By Nathan Stevens
April 27, 2012
The city of Waterloo recently approved its new official plan with a focus on intensification of existing built areas. The tone of the plan is a strong encouragement that some cities are seriously considering the implications of expanding their borders and taking land out of food production. The Christian Farmers Federation of Ontario has always stood for the preservation of our best agricultural land for agriculture and takes this as an overall positive step forward.
The new official plan is more focused on urban intensification rather than outward expansion. It sets the form, extent, nature and rate of growth and change within the municipality through to the year 2029. There is room for incremental review and a change in direction if it proves necessary, but the overall direction has been set.
The plan acknowledges that the city has a limited supply of vacant land for future urban growth. Therefore, land within the city must be used more efficiently to meet the population and economic growth targets of the city. The height and density of built-up areas will intensify over time. For example, the Uptown Waterloo Urban Growth Centre will continue to be intensified for a wide variety of economic, housing and recreational uses as the heart of the city.
However, this focus on intensification does not mean that no land will be developed over the next seventeen years. The rural and agricultural land within the Urban Area Boundary will be developed during this period. Moreover, agriculture and agriculture-related uses within the Urban Area Boundary will be discouraged from starting new enterprises and expansion will not be permitted. It is clear from the outset that these areas are meant for other uses in the long-term.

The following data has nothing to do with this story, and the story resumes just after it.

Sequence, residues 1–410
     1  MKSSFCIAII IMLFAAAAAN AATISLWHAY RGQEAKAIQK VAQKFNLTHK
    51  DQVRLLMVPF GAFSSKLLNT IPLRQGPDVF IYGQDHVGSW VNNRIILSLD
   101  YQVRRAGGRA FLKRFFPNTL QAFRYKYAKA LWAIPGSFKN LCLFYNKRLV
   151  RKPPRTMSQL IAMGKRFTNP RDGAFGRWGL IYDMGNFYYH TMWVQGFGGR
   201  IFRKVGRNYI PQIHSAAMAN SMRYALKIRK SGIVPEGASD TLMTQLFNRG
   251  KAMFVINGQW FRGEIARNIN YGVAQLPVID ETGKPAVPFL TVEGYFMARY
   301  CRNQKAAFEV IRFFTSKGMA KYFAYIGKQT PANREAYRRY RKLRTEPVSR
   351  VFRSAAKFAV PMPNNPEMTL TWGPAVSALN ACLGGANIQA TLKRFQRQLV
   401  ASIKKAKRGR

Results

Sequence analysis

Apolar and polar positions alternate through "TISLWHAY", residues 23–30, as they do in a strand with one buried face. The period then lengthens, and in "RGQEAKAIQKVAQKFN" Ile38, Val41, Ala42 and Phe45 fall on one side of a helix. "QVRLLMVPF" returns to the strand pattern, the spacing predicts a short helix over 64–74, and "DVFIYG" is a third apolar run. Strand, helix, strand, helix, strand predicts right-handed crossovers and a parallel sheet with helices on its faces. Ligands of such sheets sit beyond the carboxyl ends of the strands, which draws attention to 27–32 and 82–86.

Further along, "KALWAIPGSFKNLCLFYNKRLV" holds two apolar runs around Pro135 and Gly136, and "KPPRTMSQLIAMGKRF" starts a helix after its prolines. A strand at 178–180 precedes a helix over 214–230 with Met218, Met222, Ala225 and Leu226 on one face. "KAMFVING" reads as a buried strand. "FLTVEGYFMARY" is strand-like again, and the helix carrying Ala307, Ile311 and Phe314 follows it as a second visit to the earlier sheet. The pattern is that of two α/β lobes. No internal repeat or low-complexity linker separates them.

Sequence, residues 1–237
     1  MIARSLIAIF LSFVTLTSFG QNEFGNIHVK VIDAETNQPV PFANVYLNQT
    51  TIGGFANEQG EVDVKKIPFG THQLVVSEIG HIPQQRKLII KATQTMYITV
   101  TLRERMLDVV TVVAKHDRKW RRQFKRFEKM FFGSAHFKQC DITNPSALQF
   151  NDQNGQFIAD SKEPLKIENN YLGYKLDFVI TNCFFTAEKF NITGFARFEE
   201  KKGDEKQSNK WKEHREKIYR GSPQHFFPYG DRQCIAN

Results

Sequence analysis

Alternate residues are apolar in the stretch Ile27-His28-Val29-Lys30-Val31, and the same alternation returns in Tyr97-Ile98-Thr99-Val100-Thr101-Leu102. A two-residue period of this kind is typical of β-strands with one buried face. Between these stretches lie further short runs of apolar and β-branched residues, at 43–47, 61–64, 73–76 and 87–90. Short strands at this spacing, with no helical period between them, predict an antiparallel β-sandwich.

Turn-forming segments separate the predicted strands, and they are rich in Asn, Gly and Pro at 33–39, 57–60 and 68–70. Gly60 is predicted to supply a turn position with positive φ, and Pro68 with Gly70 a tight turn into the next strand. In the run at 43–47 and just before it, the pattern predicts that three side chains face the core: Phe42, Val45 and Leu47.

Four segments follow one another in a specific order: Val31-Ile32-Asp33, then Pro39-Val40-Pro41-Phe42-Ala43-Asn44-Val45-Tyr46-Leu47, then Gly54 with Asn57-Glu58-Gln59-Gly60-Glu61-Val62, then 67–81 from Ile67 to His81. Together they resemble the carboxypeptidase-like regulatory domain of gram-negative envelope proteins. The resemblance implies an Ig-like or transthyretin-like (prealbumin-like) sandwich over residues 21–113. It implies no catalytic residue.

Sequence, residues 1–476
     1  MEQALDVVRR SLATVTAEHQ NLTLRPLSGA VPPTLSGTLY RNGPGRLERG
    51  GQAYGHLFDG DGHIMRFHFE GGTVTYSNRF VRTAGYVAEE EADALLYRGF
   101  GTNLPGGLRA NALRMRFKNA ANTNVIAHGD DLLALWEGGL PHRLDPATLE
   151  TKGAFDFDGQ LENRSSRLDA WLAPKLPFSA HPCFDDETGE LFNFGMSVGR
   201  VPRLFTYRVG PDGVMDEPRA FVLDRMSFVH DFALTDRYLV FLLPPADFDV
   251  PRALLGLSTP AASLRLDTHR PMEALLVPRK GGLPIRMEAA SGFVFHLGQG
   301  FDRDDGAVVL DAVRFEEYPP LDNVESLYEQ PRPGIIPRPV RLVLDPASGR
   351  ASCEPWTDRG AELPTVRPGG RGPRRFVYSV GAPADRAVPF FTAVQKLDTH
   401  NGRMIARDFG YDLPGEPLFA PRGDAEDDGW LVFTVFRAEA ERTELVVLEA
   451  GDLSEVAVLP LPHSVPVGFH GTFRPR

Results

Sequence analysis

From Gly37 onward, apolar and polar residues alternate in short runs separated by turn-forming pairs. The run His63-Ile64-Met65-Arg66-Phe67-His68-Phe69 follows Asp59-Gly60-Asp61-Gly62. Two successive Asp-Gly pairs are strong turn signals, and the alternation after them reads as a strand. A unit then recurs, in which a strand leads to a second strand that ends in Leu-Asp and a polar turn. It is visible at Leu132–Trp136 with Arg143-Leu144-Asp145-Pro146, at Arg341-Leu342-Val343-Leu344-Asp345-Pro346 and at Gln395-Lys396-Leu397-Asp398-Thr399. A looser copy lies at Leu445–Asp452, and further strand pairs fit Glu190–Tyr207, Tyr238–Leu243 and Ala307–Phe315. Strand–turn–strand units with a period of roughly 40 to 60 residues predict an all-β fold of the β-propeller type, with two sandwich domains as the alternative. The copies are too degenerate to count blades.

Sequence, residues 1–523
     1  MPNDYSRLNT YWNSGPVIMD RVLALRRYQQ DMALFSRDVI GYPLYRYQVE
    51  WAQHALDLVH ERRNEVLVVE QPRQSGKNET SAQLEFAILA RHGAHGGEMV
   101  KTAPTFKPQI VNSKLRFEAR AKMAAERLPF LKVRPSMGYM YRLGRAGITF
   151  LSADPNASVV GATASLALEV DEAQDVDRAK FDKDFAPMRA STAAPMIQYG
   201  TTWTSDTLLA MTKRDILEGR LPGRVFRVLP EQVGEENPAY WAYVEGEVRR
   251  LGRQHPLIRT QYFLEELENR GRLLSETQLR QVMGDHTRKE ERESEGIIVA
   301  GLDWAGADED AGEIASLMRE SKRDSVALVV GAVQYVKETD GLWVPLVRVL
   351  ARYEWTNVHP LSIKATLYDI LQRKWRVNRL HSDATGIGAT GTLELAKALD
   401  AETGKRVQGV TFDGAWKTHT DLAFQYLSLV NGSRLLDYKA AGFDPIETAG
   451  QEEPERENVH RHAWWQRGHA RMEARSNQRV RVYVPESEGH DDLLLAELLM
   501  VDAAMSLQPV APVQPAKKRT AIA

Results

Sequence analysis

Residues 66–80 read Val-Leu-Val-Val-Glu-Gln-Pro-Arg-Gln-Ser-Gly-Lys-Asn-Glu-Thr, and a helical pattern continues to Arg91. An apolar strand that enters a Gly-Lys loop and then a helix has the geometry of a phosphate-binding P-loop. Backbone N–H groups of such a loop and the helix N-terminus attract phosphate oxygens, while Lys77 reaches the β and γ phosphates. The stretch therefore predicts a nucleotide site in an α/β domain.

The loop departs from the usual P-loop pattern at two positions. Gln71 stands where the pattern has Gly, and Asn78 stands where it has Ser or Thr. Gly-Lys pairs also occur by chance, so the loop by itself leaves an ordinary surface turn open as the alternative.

The city of Waterloo’s new plan is an example of a city targeting development within its urban boundary rather than seeking new lands to incorporate and eventually develop into suburbs. The Christian Farmers Federation of Ontario is encouraged to see a forward-thinking city focus on intensification of the existing urban area to meet its growth targets.
Nathan Stevens is the Interim Manager and Director of Policy Development for the Christian Farmers Federation of Ontario. The CFFO Commentary represents the opinions of the writer and does not necessarily represent CFFO policy. The CFFO Commentary is heard weekly on CFCO Chatham, CKNX Wingham, and UCB Canada radio stations in Chatham, Belleville, Bancroft, Brockville and Kingston and in Brantford and Woodstock. It is also found on the CFFO website:www.christianfarmers.org. CFFO is supported by 4,200 family farmers across Ontario.